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Literature review: Microplastics emissions from textile laundry including emission scenarios for EU

APPLiA is interested in contributing to the development of reliable scientific data that could help understanding the magnitude of microplastics release in the environment. For this reason, we commissioned the Research Institutes of Sweden (RISE) to carry out this literature review.

APPLiA – Home Appliance Europe – and its members are concerned when it comes to the political and societal discussion about the release of microplastics in the environment. Facing a plethora of scientific data and worrying extrapolations on the overall emission of microplastic from textiles, we are interested in contributing to the development of reliable scientific data that could aid to understand the magnitude of the issue. For this reason, APPLiA commissioned the Research Institutes of Sweden (RISE) to carry out a literature review on the microplastic emission from textile laundry. RISE is a research institute, which has a lot of experience in the field of textile research and microplastics. It has been involved in specific research projects on microplastics (MinShed) and has conducted research for the Swedish government on the efficiency of microplastic filtering devices. The main purpose of this critical review was to collect and compare current published data on the release of microplastic/microfibers (MP/MF) from textiles during laundry.

Among others, the main findings1 highlighted in the study are the following:

- The values for MF shedding are higher for the experiments performed at lab-scale indicating a harsher treatment compared to full-scale commercial washing machines.2 Therefore, it is also concluded that lab-scale results should not be translated or extrapolated to simulate fullscale domestic washing machines.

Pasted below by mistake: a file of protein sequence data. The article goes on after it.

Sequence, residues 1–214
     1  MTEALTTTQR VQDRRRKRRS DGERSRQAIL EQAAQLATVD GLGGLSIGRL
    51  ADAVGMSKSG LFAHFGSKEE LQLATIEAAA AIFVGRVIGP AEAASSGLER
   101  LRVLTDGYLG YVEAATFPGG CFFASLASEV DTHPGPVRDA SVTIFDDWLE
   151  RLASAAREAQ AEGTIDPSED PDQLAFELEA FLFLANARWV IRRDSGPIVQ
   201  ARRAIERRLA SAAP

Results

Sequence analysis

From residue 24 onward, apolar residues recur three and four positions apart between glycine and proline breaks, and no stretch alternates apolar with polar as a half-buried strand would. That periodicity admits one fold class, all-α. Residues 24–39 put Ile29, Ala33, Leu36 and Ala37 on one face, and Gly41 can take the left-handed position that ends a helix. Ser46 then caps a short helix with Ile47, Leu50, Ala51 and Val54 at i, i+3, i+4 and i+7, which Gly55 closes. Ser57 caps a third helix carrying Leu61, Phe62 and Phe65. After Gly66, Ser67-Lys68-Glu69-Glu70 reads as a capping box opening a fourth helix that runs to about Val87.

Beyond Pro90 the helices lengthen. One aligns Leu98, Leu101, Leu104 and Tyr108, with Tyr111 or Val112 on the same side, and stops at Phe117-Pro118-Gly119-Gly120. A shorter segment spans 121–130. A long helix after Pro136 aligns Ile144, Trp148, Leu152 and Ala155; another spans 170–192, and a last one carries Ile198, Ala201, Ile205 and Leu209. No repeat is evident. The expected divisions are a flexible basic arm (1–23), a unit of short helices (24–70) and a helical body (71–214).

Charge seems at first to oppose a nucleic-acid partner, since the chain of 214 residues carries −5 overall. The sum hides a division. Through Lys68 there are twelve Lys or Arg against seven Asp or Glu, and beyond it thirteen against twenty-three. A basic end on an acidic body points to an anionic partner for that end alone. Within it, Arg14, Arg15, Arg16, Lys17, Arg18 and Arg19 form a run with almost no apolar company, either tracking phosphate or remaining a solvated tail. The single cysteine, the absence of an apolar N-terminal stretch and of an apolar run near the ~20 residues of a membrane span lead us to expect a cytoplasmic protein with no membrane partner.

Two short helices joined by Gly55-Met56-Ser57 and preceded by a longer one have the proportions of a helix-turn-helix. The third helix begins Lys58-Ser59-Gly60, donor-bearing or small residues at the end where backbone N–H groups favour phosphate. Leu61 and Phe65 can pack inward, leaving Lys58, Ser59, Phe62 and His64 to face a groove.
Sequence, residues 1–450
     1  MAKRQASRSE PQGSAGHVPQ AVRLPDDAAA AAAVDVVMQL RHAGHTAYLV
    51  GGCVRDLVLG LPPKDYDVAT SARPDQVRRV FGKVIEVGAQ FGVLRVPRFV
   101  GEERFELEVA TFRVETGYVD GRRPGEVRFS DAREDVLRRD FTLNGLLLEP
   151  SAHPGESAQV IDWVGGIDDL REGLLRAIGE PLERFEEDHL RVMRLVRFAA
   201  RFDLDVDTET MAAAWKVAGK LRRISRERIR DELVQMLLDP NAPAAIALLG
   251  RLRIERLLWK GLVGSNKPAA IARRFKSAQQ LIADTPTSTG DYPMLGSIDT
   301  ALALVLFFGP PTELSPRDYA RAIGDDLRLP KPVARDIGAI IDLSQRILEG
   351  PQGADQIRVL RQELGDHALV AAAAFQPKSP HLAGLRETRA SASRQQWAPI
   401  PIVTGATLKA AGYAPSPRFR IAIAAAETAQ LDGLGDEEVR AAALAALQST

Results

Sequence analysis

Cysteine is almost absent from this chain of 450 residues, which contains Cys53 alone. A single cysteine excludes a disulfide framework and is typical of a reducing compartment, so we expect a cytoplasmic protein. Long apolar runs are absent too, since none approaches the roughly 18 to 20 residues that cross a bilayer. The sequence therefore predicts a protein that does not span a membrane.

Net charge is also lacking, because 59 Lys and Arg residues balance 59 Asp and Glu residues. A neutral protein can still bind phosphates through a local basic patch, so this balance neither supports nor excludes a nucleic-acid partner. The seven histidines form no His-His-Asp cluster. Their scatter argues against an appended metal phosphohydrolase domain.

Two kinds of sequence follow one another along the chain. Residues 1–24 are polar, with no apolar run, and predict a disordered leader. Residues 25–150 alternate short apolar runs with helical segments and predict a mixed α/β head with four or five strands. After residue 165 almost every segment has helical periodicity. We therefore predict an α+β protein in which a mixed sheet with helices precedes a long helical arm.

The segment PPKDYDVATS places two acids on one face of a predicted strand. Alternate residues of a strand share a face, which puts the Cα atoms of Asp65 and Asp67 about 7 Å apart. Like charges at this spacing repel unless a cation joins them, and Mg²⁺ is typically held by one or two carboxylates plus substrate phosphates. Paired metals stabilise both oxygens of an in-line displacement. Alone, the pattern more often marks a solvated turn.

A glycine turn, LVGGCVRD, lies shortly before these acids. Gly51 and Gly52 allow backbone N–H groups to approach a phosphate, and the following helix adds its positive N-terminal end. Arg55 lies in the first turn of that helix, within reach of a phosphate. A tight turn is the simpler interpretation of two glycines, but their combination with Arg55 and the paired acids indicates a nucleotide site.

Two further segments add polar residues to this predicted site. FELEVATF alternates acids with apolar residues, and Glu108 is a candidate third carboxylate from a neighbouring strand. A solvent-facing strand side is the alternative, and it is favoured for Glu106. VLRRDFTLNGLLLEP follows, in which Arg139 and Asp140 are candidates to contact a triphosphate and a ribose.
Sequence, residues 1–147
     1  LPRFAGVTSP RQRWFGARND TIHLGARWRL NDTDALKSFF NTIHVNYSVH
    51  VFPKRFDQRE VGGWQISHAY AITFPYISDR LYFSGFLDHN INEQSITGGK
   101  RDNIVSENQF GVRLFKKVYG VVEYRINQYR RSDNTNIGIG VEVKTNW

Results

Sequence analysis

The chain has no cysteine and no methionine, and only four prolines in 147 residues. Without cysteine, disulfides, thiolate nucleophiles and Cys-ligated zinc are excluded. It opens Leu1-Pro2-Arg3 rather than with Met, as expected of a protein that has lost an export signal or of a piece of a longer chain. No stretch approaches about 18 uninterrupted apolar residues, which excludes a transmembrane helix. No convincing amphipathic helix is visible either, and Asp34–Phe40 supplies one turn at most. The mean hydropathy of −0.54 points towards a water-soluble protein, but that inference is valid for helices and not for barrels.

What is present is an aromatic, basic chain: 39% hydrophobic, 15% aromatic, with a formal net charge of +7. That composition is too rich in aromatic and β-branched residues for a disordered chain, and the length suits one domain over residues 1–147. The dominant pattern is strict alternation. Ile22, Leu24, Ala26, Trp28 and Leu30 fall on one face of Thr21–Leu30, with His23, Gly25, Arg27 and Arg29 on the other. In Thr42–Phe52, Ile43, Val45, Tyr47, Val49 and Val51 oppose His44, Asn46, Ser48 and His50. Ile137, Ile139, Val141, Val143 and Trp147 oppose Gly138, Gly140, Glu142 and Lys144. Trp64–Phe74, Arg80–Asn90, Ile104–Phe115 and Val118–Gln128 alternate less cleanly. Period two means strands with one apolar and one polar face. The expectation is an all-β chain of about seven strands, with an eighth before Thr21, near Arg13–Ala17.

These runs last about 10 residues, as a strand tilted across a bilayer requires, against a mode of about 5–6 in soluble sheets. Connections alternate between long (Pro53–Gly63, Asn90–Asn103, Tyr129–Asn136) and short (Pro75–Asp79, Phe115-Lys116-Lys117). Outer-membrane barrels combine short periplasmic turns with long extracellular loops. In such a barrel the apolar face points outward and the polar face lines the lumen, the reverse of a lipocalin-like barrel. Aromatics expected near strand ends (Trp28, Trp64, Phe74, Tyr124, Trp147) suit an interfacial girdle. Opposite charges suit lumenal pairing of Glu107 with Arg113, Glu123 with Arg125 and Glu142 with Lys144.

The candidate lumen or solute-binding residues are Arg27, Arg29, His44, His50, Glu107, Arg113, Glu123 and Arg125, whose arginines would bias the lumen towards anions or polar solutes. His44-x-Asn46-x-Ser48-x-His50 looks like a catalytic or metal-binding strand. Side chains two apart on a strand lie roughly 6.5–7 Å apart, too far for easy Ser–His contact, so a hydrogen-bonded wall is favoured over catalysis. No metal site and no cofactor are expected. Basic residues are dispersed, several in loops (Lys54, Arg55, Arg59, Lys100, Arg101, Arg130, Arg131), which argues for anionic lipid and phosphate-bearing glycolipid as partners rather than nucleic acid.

- After carefully defining the experimental conditions, the finding estimates roughly 20-500 mg of MFs per kg polyester textiles being released during 2nd – 5th wash cycles.3

- Textiles show significantly higher fiber shedding during initial washes, which then stabilizes after a certain amount of wash cycles. Thus, it is not advisable to extrapolate fiber shedding from studies that only performed 1 or 2 washing cycles.

- In order to estimate the overall emission of microfibers released to the water, RISE calculated a bottom up scenario and reported it in the literature review.

- More research on a broader range of textiles and also on the long-term behavior of the textiles is needed in order to gain a more reliable statistical base.


1 The findings and conclusion can be consulted at page 23 of the Literature Review.

2 This is not only a finding from the Literature Review, but it was also further proved by the De Falco (2019) - The contribution of  washing processes of synthetic clothes to microplastic pollution. 

3 This estimation was done after making a few selections (see p. 20 of the literature review). The values represent at large the  average of the 2nd-5th wash cycle as only few studies perform long term test. However, there is evidence that the emission is  reaching an even lower plateau level after the fifth wash.


Access the literature review here.